In the Pali Canon of Theravada Buddhism, it is written:
“There are three kinds of persons existing in the world: one is like drought, one who rains locally, and one who pours down everywhere.
How is a person like a drought? He gives nothing to all alike, not giving food and drink, clothing and vehicle, flowers, … bed, lodging and light, neither to recluses nor Brahmins, nor to needy beggars. In this way, a person is like a drought.
How is a person like a local rainfall? He is a giver to some, but to others he gives not … In this way, a person is like a local rainfall.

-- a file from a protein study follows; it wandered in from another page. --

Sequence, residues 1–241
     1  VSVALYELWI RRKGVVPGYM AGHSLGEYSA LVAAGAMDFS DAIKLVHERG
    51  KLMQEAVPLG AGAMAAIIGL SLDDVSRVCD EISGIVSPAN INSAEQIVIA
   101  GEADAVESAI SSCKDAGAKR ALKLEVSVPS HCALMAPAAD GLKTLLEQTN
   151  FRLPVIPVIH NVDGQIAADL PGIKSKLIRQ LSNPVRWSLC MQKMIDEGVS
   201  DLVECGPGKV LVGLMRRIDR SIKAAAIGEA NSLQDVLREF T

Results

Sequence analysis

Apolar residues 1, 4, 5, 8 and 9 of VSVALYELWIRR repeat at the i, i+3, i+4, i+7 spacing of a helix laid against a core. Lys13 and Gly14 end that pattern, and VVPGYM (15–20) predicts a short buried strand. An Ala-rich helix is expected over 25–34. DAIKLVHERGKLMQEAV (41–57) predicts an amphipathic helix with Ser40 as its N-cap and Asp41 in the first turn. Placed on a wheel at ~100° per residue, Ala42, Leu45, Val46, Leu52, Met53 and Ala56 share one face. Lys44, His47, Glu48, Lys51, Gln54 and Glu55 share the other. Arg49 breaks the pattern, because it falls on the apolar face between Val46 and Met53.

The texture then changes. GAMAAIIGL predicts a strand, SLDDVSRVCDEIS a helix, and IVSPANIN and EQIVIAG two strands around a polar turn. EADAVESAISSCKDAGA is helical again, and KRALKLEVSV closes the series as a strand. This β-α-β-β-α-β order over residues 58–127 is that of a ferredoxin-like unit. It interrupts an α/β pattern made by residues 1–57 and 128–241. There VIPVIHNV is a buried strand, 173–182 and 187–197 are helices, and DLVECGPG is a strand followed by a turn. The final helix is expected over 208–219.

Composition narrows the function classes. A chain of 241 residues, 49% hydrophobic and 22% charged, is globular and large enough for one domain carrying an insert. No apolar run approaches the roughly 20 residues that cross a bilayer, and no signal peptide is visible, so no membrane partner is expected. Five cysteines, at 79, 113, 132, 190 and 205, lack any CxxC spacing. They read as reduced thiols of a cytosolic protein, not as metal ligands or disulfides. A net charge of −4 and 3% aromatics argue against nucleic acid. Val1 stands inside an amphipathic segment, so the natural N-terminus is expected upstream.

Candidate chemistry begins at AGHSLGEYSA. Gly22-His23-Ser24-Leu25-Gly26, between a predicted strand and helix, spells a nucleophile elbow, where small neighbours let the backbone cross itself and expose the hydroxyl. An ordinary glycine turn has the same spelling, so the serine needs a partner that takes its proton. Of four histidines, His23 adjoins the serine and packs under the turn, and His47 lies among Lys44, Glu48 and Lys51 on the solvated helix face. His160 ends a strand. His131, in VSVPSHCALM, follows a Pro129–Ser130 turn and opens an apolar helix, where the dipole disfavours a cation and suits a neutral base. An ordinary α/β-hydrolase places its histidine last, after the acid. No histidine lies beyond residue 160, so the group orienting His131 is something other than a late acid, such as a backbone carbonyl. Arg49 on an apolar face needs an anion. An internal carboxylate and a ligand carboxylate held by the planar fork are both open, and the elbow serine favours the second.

How does a person rain down everywhere? He gives to all, be they recluses or Brahmins or needy beggars; he is a giver of food and drink, clothing … lodging and lights. In this way a person rains down everywhere.”
My friends, I do not believe any of you are like droughts. As you imagined yourselves interacting with someone destitute, poor, broken, you may have realized that it can be uncomfortable to be like one who pours down everywhere. To do so takes intention, time, and a willingness to open your heart and mind to someone who is in very different circumstance than you. But if you can offer a little rain to a person who is without—without money, a home, security, self-worth-- you offer them something priceless, hope and dignity. And that, to me, is worth more than money can ever offer.